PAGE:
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Carcinogenicity

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Description of key information

Based on available repeated dose toxicity and genotoxicity studies, as well as two independent QSAR methods, m-phenylene-bis(methylamine) is not expected to be carcinogenic. 

Key value for chemical safety assessment

Carcinogenicity: via oral route

Endpoint conclusion
Endpoint conclusion:
no adverse effect observed

Justification for classification or non-classification

Based on the evaluation of all available studies on repeated dose toxicity and genotoxicity of m-phenylene-bis(methylamine) as well as predictions by two independent QSAR methods, there are no indications of potential carcinogenicity of the substance. Respectively, classification of m-phenylene-bis(methylamine) for carcinogenicity is considered to be not warranted.

Additional information

Potential carcinogenic properties of m-phenylene-bis(methylamine) have been evaluated using all available repeated dose toxicity and genotoxicity studies with the substance and the predictions of two independent QSAR software packages, DEREK Nexus v.4.1.0 and Toxtree v.2.6.13, based on the substance structural properties.

The substance gave negative results in all available in vitro and in vivo genotoxicity tests and is thus not expected to be genotoxic. Available genotoxicity studies fulfil the data requirements under REACH Annex X and no further genotoxicity studies are warranted at the moment. In the available 90-day inhalation toxicity study with rats, local effects in the respiratory tract were observed, including bronchial epithelium degeneration and subacute inflammation in the lungs, which are considered to be caused by the corrosive nature of the substance. This is consistent with the fact that the observed local effects were not accompanied by any systemic effects or macroscopic changes, and that the observed histopathological changes were reversible in nature and not observed after a recovery period of 27 days. The observed local effects were also consistent with the results of the in vivo skin corrosion test, indicating the substance to be corrosive, and local effects at the port of entry (stomach) in the available reproductive and developmental screening study, in which the substance was administered in water by gavage. The only systemic effect which could potentially be regarded as a precursor of neoplastic lesions, was a diffuse hyperplasia of adrenal cortex observed in the available reproductive/developmental screening study. However, based on the available genotoxicity data, the substance is not a genotoxic carcinogen, which means, that even if it is indeed able to induce neoplastic lesions in long-term studies, a threshold level would exist for such effects, below which they would not occur. As the derived NOAELs in the reproductive/screening toxicity studies take the observed hyperplasia of adrenal cortex into account, potential carcinogenic effects are considered to be covered in the risk assessment. It should also be noted that the observed systemic effects were seen only following the test substance administration by oral route, and not by inhalation route, as was confirmed by the results of the available 90 -day inhalation toxicity study.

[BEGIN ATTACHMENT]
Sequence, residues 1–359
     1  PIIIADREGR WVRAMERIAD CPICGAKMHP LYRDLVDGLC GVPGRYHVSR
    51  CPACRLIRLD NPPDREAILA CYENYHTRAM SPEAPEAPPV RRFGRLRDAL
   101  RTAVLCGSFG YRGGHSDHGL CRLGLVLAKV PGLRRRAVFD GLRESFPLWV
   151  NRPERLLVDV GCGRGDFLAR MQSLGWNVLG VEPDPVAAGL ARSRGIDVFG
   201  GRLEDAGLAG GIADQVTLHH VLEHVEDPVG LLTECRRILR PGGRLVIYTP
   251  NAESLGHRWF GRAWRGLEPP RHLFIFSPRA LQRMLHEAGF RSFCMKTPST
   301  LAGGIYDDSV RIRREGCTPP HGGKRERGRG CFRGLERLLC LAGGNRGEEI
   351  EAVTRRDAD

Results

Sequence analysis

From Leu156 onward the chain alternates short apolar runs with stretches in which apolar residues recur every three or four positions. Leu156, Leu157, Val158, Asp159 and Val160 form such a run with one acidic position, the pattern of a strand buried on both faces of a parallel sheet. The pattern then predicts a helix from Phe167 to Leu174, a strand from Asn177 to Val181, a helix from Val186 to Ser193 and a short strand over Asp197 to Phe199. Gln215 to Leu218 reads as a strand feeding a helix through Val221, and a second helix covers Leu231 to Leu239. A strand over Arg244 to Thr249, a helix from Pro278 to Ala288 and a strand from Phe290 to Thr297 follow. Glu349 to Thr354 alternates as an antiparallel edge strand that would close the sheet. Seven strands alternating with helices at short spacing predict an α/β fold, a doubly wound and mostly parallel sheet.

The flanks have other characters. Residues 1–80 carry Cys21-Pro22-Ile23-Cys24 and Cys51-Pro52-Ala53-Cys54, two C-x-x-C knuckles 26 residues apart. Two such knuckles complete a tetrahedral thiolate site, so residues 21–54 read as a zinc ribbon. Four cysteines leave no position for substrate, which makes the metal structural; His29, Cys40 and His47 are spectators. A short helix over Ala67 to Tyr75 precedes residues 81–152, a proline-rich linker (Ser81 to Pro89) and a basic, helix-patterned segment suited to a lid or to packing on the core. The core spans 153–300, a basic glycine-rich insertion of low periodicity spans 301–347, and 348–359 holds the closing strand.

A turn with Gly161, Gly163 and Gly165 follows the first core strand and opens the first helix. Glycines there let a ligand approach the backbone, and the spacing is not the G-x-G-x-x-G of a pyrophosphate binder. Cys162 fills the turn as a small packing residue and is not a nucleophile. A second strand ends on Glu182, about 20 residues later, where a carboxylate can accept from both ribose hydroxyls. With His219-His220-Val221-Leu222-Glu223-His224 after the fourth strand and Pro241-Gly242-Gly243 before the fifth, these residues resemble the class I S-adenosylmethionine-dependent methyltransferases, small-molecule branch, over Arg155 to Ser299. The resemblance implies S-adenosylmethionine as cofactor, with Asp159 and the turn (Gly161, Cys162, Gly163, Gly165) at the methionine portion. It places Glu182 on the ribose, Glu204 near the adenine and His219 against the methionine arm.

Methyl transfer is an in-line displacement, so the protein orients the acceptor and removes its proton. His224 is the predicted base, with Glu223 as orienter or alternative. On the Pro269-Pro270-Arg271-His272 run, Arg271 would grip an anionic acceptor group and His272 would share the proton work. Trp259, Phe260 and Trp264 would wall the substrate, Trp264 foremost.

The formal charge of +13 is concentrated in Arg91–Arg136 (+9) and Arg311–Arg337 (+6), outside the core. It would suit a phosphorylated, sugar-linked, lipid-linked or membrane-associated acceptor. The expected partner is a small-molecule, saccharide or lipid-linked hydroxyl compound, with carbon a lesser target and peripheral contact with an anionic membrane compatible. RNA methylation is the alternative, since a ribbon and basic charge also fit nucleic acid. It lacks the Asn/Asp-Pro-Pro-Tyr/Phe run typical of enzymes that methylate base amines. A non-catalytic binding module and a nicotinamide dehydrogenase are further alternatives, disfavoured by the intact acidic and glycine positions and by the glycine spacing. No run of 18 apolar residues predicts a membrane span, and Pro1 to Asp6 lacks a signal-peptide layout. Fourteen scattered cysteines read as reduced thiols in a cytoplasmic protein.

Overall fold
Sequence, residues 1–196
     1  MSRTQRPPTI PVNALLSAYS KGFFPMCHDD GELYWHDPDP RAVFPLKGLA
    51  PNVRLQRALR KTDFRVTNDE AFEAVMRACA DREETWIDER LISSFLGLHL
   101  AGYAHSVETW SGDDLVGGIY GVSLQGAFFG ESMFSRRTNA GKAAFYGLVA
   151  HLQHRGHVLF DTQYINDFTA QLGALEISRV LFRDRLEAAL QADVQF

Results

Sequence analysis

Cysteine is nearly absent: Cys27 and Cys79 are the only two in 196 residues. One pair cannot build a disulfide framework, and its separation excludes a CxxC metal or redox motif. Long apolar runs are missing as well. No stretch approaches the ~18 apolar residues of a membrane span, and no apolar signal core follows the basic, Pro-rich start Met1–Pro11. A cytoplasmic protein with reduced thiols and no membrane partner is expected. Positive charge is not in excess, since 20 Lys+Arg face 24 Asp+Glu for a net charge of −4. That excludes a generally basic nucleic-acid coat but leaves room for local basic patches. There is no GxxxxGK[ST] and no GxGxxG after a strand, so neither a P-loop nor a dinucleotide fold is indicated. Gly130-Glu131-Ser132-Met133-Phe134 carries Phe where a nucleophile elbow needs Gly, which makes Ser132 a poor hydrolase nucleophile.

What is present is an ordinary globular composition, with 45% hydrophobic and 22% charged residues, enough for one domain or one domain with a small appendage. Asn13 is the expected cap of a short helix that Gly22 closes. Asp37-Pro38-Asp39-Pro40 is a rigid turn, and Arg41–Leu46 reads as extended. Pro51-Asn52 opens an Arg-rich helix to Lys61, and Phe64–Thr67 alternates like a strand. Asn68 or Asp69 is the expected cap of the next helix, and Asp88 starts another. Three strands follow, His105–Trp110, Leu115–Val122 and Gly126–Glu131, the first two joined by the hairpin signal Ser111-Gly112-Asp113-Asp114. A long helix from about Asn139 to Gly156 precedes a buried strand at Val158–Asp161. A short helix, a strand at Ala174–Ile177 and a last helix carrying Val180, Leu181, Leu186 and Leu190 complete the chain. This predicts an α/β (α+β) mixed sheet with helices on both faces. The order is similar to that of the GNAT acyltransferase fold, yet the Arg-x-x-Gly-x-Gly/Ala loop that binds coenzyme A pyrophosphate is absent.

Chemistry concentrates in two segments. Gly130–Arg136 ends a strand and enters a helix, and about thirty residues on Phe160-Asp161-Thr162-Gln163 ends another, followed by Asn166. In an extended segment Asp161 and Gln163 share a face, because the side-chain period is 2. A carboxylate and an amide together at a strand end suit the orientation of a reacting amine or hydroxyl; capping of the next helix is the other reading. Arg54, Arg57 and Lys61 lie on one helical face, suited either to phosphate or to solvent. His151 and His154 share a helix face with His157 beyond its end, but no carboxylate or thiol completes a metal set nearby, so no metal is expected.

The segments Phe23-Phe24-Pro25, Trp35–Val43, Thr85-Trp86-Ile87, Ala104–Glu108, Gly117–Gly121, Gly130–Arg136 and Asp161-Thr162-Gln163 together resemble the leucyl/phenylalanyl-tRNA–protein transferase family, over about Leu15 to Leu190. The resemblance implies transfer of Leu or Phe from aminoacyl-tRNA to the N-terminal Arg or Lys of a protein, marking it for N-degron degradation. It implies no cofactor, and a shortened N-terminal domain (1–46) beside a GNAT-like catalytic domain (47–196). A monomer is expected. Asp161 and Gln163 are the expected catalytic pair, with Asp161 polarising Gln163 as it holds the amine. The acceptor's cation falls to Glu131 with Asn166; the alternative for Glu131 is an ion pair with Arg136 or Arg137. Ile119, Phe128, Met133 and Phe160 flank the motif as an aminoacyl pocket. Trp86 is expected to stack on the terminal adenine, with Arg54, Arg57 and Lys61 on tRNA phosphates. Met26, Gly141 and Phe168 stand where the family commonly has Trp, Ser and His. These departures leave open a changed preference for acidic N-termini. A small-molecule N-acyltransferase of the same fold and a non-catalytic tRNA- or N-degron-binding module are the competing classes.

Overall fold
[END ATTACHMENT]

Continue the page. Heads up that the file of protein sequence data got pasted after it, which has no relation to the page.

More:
Potential carcinogenic and genotoxic properties of m-phenylene-bis(methylamine) have also been predicted using DEREK Nexus v.4.1.0 and Toxtree v.2.6.13 software. Neither of the used QSAR methods indicated the presence of structural alerts for either genotoxic or non-genotoxic carcinogenicity based on the structure of the substance. Respectively, the substance was predicted to be not carcinogenic.

In summary, based on all available data, there are no indications of potential carcinogenicity of m-phenylene-bis(methylamine). The performance of additional carcinogenicity studies with this substance is therefore considered to be not warranted.

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